Only someone with the evil impulses of a Moriarty would want to divulge all this anyway. But what can be revealed is that the production values are lavish, the soundtrack is again superb, there’s a wonderful ‘mind palace’ sequence, plus tension, laughs and tears.

Amanda Abbington as Mary

Moffat and co-writer/star Mark Gatiss have pushed the characters hard in this latest series. Where so

Mary Morstan (AMANDA ABBINGTON) Sherlock BBC
Mary has been a brilliant addition to the series

many TV dramas are about preserving characters in aspic, Moffat and Gatiss are so in the groove with the Sherlockian world that they’ve shown new angles and depths to Holmes and Watson throughout the series.

Any caveats? Sherlock acts in what seems an out-of-character fashion at the final confrontation, though that could have ramifications in the next series.

But bringing Amanda Abbington in as Mary has been a masterstroke. Her performance is hugely enjoyable and the character has helped to bring out Holmes in all his ridiculousness and brilliance.

Now the poor chaps have set the bar extremely high for series four. Apparently, a fourth and fifth series are planned, and will follow ‘quickly’.

Cast: Benedict Cumberbatch Sherlock Holmes, Martin Freeman John Watson, Mark Gatiss Mycroft, Rupert Graves Inspector Lestrade, Una Stubbs Mrs Hudson, Amanda Abbington Mary Morstan, Louise Brealey Molly Hooper, Lars Mikkelsen Charles Augustus Magnussen, Lindsay Duncan Lady Smallwood

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Sherlock – preview of series 3

Benedict Cumberbatch and Martin Freeman as Holmes and Watson in Sherlock series 3
Sherlock looks almost ghostly as he hovers over Watson in this scene from series 3. Pic: BBC

Here’s a glimpse from the third series of Sherlock, which should hit BBC1 screens in January (some time before the US broadcast on 19 January). At last we’ll find out how the sleuth cheated death in that rooftop plunge – and get to see Watson’s response to having been duped by his chum. And what will Holmes say when Watson falls for a certain Mary Morstan? New arrivals will include The Killing‘s Lars Mikkelsen, who is apparently ‘terrifying’ as Sir Arthur Conan Doyle’s king of blackmailers Charles Augustus Milverton. The first episode will be The Empty House, written by Mark Gatiss. There are more production pics here.

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Those Who Kill, Laura Bach PREVIEW

Laura Bach as Katrine Ries Jensen and Jakob Cedergren as Thomas Schaeffer. Pics: ITV

Rating: ★★★½

ITV3, starts Thursday, 23 February, 10pm

Story: Deputy superintendent Katrine Ries Jensen is put in charge of her first big case – the discovery of the body of a Polish prostitute in the woods. She recruits forensic psychiatrist Thomas Schaeffer to assist her, and together they soon discover another four bodies buried nearby…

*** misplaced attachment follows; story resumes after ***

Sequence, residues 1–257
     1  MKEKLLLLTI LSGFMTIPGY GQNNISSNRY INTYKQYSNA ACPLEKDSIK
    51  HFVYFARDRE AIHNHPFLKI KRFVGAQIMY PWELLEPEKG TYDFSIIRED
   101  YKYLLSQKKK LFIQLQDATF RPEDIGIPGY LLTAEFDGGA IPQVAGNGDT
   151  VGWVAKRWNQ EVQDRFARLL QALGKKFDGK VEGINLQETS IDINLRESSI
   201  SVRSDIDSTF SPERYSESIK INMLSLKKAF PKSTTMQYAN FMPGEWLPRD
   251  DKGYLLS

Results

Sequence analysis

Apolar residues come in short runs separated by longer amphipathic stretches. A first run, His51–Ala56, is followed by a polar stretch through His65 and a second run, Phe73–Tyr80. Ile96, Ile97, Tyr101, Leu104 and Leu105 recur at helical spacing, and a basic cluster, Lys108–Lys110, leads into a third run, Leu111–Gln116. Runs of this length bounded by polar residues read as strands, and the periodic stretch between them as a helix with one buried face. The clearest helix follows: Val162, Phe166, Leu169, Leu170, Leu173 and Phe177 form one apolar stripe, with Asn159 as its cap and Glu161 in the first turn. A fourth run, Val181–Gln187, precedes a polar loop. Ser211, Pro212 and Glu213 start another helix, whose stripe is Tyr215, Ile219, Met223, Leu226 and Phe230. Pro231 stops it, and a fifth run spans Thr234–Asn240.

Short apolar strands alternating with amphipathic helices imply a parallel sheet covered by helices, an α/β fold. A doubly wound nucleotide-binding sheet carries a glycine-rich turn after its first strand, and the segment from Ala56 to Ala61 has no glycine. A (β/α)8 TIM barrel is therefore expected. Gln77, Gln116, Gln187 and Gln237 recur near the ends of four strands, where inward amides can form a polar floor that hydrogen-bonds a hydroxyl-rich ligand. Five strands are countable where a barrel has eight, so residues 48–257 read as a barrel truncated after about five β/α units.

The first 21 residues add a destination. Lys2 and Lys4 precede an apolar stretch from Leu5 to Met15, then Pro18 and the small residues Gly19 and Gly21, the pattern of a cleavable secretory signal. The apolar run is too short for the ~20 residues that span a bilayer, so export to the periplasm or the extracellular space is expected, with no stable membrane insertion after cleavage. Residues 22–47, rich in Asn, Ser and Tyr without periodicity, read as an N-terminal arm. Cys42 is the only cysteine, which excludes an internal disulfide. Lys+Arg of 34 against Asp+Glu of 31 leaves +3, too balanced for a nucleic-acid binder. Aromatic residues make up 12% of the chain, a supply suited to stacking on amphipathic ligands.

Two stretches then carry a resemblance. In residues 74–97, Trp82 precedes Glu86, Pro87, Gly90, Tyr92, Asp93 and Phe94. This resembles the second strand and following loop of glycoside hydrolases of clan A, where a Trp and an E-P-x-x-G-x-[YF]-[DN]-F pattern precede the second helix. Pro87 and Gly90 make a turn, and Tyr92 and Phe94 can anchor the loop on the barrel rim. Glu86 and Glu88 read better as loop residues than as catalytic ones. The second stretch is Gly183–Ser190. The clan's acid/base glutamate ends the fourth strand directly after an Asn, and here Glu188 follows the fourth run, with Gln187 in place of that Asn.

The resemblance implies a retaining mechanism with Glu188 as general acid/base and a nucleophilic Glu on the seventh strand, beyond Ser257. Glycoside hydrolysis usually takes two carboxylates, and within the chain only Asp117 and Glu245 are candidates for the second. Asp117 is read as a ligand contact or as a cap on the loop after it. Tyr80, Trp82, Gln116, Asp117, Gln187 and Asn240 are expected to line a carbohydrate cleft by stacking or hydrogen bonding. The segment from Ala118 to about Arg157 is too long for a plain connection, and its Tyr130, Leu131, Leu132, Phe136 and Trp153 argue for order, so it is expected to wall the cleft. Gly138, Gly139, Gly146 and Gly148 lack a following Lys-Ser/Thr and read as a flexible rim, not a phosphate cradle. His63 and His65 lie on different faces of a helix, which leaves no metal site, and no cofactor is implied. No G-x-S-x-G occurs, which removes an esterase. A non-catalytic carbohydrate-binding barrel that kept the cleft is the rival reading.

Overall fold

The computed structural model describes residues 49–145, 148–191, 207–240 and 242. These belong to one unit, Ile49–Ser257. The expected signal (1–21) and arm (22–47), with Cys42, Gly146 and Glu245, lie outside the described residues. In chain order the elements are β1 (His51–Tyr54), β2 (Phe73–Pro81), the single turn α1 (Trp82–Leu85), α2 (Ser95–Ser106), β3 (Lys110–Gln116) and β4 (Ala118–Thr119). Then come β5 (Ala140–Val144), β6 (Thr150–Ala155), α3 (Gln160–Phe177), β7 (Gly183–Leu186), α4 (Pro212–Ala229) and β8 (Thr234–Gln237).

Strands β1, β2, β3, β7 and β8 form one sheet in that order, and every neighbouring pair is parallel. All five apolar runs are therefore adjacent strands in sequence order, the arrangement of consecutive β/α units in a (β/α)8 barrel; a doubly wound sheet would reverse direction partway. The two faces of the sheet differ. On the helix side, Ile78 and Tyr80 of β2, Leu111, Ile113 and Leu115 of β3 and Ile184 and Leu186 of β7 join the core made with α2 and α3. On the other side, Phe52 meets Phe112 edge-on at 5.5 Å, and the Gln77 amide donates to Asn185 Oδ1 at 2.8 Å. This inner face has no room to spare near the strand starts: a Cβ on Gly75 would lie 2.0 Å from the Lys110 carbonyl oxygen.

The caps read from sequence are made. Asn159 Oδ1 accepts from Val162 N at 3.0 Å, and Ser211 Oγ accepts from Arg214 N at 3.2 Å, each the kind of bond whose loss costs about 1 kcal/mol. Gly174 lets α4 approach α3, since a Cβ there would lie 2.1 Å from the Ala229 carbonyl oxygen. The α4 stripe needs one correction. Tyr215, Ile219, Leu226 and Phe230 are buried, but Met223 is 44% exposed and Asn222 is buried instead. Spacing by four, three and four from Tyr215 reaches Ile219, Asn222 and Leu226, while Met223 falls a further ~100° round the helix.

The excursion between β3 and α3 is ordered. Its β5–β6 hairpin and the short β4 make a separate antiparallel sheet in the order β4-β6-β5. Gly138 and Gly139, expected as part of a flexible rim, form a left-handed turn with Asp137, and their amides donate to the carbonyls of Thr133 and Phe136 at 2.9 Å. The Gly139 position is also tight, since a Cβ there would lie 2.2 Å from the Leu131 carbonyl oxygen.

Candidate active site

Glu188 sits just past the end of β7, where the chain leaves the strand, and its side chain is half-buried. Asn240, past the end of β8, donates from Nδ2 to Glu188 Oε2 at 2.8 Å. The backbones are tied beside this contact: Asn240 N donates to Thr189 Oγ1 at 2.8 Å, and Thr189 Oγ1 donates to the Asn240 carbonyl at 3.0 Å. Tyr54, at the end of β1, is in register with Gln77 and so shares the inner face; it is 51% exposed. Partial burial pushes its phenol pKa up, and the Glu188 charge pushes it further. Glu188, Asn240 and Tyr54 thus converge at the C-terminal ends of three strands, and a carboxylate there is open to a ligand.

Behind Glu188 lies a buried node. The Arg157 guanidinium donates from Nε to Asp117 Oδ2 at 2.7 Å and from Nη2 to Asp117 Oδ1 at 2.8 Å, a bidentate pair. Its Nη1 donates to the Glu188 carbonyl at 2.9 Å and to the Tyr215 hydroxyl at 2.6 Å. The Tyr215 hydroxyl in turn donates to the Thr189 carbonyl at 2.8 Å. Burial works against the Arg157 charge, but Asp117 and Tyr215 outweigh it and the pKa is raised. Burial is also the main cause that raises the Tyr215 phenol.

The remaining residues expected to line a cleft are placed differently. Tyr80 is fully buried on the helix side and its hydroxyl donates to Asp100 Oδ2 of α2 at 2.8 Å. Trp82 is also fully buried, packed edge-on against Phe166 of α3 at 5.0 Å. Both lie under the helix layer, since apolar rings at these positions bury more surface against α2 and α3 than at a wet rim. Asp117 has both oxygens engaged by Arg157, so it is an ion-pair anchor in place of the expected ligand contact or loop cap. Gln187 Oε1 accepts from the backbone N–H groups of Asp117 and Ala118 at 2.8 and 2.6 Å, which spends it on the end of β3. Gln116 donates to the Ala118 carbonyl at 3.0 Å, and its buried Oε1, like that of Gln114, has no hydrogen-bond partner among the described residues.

Comparisons between Those Who Kill and The Killing are inevitable.

They’re both Danish, both are dark crime series, and both have a female protagonist. They also both feature actors Lars Mikkelsen (Troels in Killing I) and Carsten Bjørnlund (creepy Major Søgaard in Killing II).

Facing some grisly cases – Katrine and Thomas

But comparisons end there. Those Who Kill consists of six standalone 90-minute mysteries based on a special Copenhagen police unit that targets serial killers. While it doesn’t have the depth of The Killing it does have quality, with interesting characters, tension and a pretty decent story.

Inner logic of dissocial individuals
Katrine Ries Jensen is given her first major case by Bisgaard (Mikkelsen), her boss. A corpse, buried six years previously, has been discovered in woods outside of the city. It is the remains of a Polish-born prostitute.

Thomas Schaeffer is a forensic psychiatrist who specialises in discerning the ‘inner logic’ of ‘dissocial individuals’. Katrine disregards Bisgaard’s fierce opposition to Schaeffer and brings him in to help  her investigation.

They immediately uncover four more female bodies buried in the woods. Schaeffer believes that the killer takes his time, has a fetish for controlling his victims, all of whom are blonde and single – like Katrine.

Katrine v Sarah Lund
Katrine is not as compellingly enigmatic The Killing‘s Sarah Lund, and like most TV cops she is a lonely maverick, obsessed with old cases (she keeps mugshots of murderers who eluded her on the wall of her flat). She has no social life, just a messy apartment with a dead plant in it.

Lars Mikkelsen

But Laura Bach, who plays Katrine, still wins us over with a strong performance – her character really gets put through the wringer in what is a fairly grisly opening story at times.

Those Who Kill is based on the novels of Elsebeth Egholm, and it has the wider theme of a country where social welfare is under attack and borders have opened up, allowing killers without the traditional motives of love or money to slip through the net.

Captivating and atmospheric
Danish network TV2 decided not to make any more series of Those Who Kill after this first one, the show apparently not doing well in its 8pm slot (it’s a bit strong for that early in the evening), though it has done well overseas.

Despite that, viewers who are not bored by the frightening ‘inner logic’ of serial killers should find it  a captivating and atmospheric series with a strong heroine.

Cast: Laura Bach Katrine Ries Jensen, Jakob Cedergren Thomas Schaeffer, Lars Mikkelsen Magnus Bisgaard, Carsten Bjørnlund Adam Krogh, Laerke Winther Mia Vogelbang, Frederik Meldal Nørgaard Stig Molbeck